One of the consistently remarkable traits of public-sector obstructionism is how often it's penny wise and pound foolish for the very unions that are pushing it.
Exhibit A: The San Diego Unified School District, where the local teachers unions quietly killed a plan to rein in health care costs -- only to see a spiraling budget deficit result in over 1,600 teaching jobs being placed on the chopping block.
The San Diego Union-Tribune has the story
Late in the summer of 2010, as the San Diego Unified School District waded through yet another patch of budgetary quicksand, trustees gathered behind closed doors to talk about spiraling health care costs.
Annual expenses had spiked to $167 million, by far the biggest cost short of payroll. A Los Angeles County firm was telling the board it could save the district almost $10 million a year by taking over the system.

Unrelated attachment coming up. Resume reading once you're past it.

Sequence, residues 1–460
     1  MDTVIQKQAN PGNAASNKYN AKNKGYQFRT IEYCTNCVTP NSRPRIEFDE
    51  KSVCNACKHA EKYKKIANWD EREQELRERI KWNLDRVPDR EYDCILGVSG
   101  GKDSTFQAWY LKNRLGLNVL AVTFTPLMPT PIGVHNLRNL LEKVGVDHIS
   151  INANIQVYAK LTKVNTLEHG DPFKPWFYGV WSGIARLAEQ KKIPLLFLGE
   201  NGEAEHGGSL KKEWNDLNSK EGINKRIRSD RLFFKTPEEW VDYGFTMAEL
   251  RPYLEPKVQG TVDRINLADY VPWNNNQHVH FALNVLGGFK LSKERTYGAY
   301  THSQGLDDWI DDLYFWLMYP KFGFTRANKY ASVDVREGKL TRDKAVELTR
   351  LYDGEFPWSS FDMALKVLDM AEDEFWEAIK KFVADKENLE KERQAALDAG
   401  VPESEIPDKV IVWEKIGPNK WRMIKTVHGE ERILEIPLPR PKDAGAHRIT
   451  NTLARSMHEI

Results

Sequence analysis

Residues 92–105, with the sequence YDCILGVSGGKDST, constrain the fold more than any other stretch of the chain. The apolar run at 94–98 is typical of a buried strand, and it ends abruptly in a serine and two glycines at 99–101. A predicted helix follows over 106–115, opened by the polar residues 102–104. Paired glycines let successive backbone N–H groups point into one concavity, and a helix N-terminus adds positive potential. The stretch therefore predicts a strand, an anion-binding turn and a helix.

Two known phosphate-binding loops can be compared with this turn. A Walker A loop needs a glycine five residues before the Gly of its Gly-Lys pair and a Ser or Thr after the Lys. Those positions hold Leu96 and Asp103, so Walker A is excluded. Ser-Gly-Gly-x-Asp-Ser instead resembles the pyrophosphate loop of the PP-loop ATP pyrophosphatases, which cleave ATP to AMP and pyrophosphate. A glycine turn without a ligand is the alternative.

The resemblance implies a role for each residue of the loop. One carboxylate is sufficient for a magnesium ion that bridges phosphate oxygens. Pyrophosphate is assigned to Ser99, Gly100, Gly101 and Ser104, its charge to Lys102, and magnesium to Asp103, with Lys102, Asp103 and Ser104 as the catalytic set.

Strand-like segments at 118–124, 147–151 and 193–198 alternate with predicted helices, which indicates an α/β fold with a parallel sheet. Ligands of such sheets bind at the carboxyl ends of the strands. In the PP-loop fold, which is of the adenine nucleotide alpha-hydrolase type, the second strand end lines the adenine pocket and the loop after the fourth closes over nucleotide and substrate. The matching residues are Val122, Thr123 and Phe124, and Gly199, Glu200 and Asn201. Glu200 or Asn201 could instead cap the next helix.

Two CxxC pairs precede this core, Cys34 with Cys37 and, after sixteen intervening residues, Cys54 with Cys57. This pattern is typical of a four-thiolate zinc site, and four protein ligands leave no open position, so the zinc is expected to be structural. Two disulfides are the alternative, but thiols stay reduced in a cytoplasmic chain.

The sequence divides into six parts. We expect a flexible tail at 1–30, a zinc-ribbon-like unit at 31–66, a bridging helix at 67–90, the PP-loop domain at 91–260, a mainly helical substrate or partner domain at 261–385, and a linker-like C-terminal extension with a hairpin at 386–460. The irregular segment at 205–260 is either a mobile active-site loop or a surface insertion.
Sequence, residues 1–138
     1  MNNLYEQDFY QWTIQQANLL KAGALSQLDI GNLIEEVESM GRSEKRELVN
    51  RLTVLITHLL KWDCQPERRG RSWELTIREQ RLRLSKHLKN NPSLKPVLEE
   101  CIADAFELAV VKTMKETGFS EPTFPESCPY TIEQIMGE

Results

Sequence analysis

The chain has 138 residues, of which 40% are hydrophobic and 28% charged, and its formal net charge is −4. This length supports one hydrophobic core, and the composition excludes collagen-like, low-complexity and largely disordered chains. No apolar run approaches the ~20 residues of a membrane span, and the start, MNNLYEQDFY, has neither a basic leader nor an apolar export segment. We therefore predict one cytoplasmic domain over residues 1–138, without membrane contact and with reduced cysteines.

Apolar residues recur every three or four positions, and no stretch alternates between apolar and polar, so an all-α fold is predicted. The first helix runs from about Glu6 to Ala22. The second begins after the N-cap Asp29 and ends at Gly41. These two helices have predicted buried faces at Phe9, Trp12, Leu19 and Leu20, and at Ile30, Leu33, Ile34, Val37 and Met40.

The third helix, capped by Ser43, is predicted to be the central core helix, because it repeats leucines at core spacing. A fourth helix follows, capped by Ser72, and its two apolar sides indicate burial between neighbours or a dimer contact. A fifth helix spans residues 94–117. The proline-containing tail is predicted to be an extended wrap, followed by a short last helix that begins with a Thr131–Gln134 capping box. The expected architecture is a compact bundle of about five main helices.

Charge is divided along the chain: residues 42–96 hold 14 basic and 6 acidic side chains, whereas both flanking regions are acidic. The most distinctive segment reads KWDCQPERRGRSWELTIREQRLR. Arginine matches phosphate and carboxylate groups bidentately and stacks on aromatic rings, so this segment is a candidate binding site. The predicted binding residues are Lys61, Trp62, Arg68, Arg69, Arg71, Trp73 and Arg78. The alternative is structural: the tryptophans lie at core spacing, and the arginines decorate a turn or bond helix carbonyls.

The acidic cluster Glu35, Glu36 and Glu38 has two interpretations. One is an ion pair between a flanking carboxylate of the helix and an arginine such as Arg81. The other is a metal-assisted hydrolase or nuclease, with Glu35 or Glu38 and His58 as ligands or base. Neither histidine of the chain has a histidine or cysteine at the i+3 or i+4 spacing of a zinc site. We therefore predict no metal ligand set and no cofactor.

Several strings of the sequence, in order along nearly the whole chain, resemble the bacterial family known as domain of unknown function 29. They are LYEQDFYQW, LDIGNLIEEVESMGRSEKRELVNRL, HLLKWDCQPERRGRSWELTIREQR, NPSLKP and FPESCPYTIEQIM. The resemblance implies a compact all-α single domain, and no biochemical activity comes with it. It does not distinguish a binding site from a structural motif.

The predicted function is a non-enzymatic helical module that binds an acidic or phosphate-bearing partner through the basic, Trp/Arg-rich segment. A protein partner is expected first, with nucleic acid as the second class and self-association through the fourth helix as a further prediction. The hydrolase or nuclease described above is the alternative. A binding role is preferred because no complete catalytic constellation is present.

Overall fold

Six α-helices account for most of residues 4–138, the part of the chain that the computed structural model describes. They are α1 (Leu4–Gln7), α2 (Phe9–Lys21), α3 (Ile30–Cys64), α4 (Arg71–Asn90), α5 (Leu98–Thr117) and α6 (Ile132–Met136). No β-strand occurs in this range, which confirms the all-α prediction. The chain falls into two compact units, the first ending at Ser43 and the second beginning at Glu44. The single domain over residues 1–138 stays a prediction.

The district's two biggest unions opposed the proposal by Keenan & Associates, and it was scrapped without so much as a public hearing.
Now some of the same elected officials are considering eliminating 1,639 teaching jobs -- plus more than 300 non-teaching positions -- to balance next year's $1.1 billion budget. Class sizes in middle school would rise as high as 40.
Someday, perhaps, the unions will learn that money is fungible and that feathering their nests in one area only hastens the day when they'll have to pay the bill elsewhere. Their foolhardiness does, however, come with a silver lining. Without it, the crisis that just might force reform to Public Sector Inc. might never have happened.